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KEEPING AN OPEN MIND 2010
The past few weeks have just flown by so there’s a bit of a backlog here. With me going to New York and then (rather less glamorously) to Birmingham, I’ve not updated as regularly as I normally do. I shall enddeavour to catch up this week so here’s the first post in a little while. Open House, as regular readers of this blog know, is a weekend, usually the third one in September, where hundreds of buildings, structures and places are opened up across the whole of Greater London. These are usually places that are not usually accessible to the public so for someone like myself, it’s a wonderful opportunity for me to see places I’ve never been to. I’ve been going for over a decade now so it’s getting harder and harder to find new gems. This year, we decided to pick Southwest London, so on the Saturday we went for The White Lodge in Richmond Park plus the Kilmorey Mausoleum in St Margaret’s and Garrick’s Temple of Shakespeare in Hampton. The White Lodge is a Georgian building which was built as a Royal residence and since the 1950s it has housed the Royal Ballet School. The exterior is wonderful but the interior is like any other wealthy school you would visit. It did give us an excuse to walk a little around Richmond Park, which is stunning, and recommended. So after visiting there, we got in the car and after lunch, drove to the Kilmorey Mausoleum located in St Margaret’s near Teddington. This is an Egyptian-style mausoleum, built by the Earl of Kilmorey in the 1850s. It is unusual because most funerary objects these days are located in the grounds of cemeteries so this was somewhere a bit different. Not a huge place but worth visiting if you happen to be nearby anyway. Lastly on the Saturday we went down to Hampton to see Garrick’s Temple of Shakespeare, which is also not big but it’s perched right on the river so really beautiful. We walked down to Hampton Court and back which is always enjoyable. On the Sunday, consulting the book, I decided to visit the Apothecaries Hall in Blackfriars in the City of London. I was pleasantly surprised to find somewhere in the City of London, a part of the city I thought I was very familiar with, that I had never visited before. This is the hall for the City Guild that includes pharmacists as its members and dates from 1670, just after the Great Fire of London. Behind an unassuming façade on the street is a wonderful wood-panelled building, so this really was a hidden gem. So even though I’ve done Open House for over a decade now, I still managed to find new places to engage my interest. This weekend continues to be a wonderful event…

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OPEN HOUSE 2009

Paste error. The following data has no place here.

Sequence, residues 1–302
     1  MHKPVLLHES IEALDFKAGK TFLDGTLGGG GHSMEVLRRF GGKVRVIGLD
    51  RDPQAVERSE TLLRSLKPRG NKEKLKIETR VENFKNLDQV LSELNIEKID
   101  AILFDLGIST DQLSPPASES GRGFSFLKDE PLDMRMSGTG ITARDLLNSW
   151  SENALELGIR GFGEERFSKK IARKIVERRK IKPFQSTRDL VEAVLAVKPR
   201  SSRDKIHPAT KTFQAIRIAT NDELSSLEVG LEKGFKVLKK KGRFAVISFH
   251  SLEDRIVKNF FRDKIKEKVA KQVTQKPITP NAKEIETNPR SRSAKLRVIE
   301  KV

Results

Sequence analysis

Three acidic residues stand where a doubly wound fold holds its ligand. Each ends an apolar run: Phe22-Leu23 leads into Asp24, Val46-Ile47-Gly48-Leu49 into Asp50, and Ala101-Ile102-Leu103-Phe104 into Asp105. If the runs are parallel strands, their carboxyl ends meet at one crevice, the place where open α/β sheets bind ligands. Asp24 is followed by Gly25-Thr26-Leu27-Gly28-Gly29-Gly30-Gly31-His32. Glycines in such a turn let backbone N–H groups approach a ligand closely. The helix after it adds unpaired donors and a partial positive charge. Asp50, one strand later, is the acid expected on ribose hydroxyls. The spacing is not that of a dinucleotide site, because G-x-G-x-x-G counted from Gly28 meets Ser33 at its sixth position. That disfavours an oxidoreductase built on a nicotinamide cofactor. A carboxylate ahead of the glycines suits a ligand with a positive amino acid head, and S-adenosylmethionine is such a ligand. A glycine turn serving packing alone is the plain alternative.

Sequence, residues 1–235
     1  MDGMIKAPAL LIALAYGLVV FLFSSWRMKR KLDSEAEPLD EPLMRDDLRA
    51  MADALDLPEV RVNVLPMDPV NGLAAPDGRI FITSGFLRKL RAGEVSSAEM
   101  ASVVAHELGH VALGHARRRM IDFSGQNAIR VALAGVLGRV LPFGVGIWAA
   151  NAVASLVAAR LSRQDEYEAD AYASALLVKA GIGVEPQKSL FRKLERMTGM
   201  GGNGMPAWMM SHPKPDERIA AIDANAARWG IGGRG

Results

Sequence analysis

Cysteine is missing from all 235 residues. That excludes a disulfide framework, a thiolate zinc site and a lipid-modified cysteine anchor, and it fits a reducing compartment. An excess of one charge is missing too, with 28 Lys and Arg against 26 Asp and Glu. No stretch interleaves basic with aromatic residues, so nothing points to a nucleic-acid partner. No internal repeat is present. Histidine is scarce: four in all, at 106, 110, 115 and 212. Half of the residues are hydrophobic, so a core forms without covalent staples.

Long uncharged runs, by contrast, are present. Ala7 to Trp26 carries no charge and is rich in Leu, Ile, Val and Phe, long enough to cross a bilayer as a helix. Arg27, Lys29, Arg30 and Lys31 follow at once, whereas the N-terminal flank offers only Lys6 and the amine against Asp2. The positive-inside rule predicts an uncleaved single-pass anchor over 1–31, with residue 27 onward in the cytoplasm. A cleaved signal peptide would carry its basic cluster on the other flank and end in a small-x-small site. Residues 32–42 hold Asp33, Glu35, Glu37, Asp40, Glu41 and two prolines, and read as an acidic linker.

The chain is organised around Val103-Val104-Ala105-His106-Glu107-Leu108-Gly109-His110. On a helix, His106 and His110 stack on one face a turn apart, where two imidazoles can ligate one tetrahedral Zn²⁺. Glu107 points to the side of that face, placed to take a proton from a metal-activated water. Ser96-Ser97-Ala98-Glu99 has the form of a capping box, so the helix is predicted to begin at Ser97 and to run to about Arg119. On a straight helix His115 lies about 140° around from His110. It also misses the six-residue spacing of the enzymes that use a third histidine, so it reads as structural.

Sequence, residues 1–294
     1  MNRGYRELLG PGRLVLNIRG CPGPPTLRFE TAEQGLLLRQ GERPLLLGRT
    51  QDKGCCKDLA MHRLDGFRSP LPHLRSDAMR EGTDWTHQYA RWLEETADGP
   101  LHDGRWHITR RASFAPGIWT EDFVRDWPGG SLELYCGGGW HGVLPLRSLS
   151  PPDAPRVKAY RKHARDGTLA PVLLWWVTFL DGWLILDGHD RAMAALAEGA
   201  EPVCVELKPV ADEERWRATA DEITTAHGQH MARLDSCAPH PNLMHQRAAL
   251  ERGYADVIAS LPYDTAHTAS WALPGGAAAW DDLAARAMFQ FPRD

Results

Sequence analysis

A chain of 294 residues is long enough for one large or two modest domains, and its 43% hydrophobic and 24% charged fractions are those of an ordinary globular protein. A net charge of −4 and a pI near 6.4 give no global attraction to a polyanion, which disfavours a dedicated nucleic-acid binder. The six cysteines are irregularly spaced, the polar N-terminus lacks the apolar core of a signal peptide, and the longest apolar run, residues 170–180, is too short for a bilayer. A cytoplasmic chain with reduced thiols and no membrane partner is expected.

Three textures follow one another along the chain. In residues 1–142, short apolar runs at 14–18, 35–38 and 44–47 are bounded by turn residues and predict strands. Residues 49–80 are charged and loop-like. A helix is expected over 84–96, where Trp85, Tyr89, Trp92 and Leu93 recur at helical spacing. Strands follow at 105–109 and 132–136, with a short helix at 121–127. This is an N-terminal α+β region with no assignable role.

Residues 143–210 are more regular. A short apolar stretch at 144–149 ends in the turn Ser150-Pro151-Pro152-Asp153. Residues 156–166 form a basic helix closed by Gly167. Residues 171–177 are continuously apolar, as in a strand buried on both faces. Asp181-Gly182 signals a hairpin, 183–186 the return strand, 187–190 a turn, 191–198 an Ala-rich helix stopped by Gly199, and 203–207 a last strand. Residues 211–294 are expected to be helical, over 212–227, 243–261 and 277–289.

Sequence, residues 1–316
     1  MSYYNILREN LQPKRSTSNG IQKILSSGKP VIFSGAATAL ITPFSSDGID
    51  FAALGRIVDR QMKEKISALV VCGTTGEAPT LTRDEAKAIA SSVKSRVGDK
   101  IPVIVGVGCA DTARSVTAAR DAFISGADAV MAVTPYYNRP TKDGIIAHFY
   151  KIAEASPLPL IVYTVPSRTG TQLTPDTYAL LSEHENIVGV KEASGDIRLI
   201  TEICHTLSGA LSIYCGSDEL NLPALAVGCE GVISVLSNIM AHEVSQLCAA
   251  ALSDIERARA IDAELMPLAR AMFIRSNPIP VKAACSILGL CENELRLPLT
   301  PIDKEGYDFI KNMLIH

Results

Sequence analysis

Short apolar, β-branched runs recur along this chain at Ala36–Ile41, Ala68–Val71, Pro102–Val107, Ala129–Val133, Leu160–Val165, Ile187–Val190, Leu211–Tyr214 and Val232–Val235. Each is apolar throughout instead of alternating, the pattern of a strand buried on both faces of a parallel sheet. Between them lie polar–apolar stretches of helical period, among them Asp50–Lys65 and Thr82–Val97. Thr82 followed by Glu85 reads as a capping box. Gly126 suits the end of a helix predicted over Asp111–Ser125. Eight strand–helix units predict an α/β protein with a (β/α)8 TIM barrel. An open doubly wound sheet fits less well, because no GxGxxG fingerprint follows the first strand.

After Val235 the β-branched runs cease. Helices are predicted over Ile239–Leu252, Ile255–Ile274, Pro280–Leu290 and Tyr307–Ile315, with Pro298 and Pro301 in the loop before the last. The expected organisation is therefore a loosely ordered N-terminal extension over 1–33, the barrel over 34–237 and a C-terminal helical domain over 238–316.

So as promised, here’s my post on this year’s Open House weekend. I have been going to it for about 10 or 11 years and have seen some incredible places over the years (St Pancras Chambers, Middle Temple Hall, Freemasons Temple, Charterhouse Square and many more), so each year I have to come up with new and interesting places to visit. So I got the booklet and went through what was on offer for 2009. I have visited most sites in the City of London, Camden and Westminster of note, so my choices were a little more eccentric for this year. On Saturday, I had to go on my tod but I still wanted to get as much as I could out of the weekend because I am working on a book on Open House, so I planned to see at least two places on the first day: Swakeleys House in Middlesex and The Hurlingham Club down in Fulham just near the river. So I made it to Swakeleys House in Ickenham, Middlesex just as it was opening. Built in the 16th century, the house is no longer a private residence but was recently owned by Proctor & Gamble and is now owned by another company. Much of the house is unchanged although it did have some restoration work carried out on it in the 20th century. We got to see the hall and staircase which was rather spectacular. When I got chatting to someone at Swakeleys, he told me that I should also check out Cranford Park, just round the back of Heathrow. So since Middlesex was just a little bit north of there, I thought ‘why not?’ It was a nice bright day and that’s part of the joy of Open House. So I finished at Swakeleys, jumped back in the car and then spent a little time battling the traffic to get from northwest to west London. I also got horribly lost trying to find Cranford Park and eventually someone told me that it was literally just off the M4 motorway and it was easy to miss. Heathrow Airport is surrounded by loads of little areas that are hinterlands on the very outskirts of London and they all look quite similar, so it is easy to get confused. But I did find Cranford Park and it was just about worth a visit. It was the site of a house at one point, which was levelled in the 1940s but the stable block is still there as is a 16th century church, St Dunstans, which is a very attractive church. It’s also set in grounds which you could walk in for miles, as it meets up with the Grand Union Canal. There was a bikers meeting on the day I went, so I got to see some nifty bikes when I was there. The church also had a small but atmospheric churchyard. So my second stop was somewhere I’ve never been to in London before so that was interesting and worthwhile even though the house is no longer there. My final port of call was the Hurlingham Club, down in Fulham and this was relatively easy to get to as I just got on the M4 and headed south towards the river. This is a fairly exclusive club with sports facilities founded in 1867, with a waiting list of 18 years to become a member, set in 42 acres of amazing grounds just off New Kings Road in Fulham. It is the kind of place that you wouldn’t find unless you knew it was there. It has tennis courts, a restaurant and it is also the place where the rules for Polo were invented. It is used for professional tennis tournaments as well throughout the year and it was a very impressive and imposing place, as its surroundings totally insulate it from the rest of London. So that was my first day at Open House 2009. I’ll be posting something on the Sunday in the next couple of days. Meanwhile, here’s a few photos taken at the three sites I went to on the Saturday…